Walmart’s warehouse chain — Sam’s Club — has announced that it intends to offer home delivery of grocery goods through a new tie-in with Instacart. The expanded service will be online and available for consumers in the Dallas-Forth Worth area in Texas and in St. Louis. Orders can include fresh product or small appliance delivery — and can be accessed by customers who are not presently Sam’s Club members.
The move comes shortly after the news that Amazon will be leveraging its nearly $14 billion purchase of Whole Foods to offer essentially free grocery delivery to customers in range of their stores. The move also comes as Sam’s CEO, John Furner, is searching for way to help the warehouse business standout — as opposed to struggle. Struggle is more in line with its historical MO.
Sam’s recently consolidated its membership structure, shut about a tenth of its stores and laid off more than 10,000 workers.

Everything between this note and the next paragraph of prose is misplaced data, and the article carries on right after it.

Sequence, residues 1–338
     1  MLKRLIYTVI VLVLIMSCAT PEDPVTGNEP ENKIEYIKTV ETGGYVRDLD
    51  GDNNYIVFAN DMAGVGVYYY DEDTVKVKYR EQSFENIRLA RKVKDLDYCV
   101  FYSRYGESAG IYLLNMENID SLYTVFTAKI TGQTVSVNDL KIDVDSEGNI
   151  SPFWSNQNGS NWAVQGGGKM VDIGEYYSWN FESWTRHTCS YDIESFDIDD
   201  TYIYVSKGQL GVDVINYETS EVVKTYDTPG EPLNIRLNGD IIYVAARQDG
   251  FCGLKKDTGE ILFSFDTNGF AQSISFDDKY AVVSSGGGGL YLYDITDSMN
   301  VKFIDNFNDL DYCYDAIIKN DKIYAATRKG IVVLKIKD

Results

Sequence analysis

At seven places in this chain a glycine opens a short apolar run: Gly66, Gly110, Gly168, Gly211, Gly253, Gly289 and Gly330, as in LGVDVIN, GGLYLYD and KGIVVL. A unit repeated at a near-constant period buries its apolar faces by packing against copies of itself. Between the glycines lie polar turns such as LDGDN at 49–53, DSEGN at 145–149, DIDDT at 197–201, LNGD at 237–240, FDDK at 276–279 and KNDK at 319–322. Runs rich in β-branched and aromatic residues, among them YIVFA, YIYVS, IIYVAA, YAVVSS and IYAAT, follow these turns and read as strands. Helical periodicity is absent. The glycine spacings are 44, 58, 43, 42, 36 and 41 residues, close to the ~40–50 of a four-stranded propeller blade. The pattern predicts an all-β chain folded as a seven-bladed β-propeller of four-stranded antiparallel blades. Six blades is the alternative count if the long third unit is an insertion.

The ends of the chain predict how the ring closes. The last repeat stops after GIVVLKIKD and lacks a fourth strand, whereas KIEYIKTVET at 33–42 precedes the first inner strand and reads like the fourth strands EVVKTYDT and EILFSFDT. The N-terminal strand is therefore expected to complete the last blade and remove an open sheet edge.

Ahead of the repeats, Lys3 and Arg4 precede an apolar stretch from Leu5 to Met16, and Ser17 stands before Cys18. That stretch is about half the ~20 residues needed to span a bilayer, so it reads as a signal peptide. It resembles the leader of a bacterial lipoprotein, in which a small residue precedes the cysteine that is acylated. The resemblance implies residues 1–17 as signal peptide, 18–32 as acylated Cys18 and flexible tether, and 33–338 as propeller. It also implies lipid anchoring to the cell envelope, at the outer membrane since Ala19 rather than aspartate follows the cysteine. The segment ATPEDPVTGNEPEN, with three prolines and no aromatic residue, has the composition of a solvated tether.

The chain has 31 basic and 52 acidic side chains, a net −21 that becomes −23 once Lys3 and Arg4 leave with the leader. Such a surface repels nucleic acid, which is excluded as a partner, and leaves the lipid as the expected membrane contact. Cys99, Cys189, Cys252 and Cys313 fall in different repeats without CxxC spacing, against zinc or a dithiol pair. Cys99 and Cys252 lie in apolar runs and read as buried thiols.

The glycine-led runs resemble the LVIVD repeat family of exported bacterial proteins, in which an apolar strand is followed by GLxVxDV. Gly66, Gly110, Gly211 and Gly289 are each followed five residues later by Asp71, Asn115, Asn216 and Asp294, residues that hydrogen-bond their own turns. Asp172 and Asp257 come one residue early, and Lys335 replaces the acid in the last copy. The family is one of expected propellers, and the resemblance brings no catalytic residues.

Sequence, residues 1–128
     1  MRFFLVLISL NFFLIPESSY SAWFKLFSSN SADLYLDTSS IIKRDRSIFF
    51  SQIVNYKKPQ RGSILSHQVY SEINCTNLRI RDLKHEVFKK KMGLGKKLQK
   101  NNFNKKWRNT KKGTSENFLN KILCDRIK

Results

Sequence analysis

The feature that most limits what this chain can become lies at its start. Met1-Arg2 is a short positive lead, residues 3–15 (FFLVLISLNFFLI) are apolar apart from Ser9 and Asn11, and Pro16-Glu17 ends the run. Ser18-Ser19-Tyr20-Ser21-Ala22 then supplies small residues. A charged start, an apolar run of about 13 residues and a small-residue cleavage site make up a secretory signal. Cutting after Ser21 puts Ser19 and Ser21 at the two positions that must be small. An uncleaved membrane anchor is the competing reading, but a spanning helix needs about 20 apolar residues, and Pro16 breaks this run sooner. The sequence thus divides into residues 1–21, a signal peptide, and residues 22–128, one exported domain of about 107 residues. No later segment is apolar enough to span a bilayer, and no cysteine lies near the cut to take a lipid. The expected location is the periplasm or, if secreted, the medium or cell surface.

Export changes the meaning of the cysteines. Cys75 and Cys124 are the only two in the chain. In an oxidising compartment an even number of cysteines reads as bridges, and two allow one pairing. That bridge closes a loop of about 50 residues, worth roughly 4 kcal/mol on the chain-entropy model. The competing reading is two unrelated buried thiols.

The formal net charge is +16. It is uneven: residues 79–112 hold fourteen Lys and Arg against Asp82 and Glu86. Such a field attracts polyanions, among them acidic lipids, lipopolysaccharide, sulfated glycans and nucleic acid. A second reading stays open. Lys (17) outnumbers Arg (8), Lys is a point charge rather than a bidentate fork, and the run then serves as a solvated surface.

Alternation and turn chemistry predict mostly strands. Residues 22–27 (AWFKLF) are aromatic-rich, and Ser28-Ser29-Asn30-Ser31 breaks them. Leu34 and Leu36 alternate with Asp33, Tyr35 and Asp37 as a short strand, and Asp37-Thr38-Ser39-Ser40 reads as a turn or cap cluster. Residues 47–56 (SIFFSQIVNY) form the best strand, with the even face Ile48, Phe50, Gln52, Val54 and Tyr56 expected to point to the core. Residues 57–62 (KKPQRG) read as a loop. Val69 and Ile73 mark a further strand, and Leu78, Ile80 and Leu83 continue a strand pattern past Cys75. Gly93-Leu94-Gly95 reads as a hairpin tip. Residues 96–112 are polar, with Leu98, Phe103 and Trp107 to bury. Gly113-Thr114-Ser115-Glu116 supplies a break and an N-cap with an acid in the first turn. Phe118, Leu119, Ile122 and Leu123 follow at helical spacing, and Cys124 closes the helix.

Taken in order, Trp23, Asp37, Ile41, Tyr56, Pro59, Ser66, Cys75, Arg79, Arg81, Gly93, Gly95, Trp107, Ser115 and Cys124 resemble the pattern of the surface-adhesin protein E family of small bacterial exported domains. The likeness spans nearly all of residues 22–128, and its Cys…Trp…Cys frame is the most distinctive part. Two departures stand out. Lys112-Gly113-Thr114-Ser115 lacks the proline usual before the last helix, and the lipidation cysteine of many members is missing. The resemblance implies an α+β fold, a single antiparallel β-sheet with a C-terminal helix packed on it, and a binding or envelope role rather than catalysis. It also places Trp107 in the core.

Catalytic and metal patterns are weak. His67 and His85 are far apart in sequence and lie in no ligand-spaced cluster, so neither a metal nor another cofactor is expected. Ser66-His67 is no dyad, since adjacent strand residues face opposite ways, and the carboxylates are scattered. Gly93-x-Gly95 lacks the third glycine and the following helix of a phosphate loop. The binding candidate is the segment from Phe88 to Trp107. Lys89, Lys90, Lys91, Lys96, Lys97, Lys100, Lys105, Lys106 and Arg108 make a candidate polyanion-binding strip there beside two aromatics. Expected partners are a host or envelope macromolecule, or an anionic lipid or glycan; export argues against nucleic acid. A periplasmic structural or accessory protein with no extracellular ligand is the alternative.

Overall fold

Walmart is the biggest grocery vendor in the U.S. — and it is taking something of a piecemeal approach to getting delivery off the ground. In January, Walmart kicked off the year with the acquisition of same-day New York City delivery company Parcel. They’ve also tested delivery with Uber and Deliv, as well as experimenting with their own trucks in Denver. Walmart does not directly partner with Instacart.
Amazon, for its part, has about an 18 percent share of the $12.6 billion online grocery market in the United States - netted mainly by the sale of CPG like cereal and diaper. But the segment is expected to balloon to $41.7 billion by 2022, according to market research firm Packaged Facts — and Amazon is well positioned to be the dominant player in the space.
Walmart comes in at No. 2 with 9 percent, followed by Ahold USA’s Peapod at 7 percent, FreshDirect with 6 percent and Instacart at 5 percent, Packaged Facts said.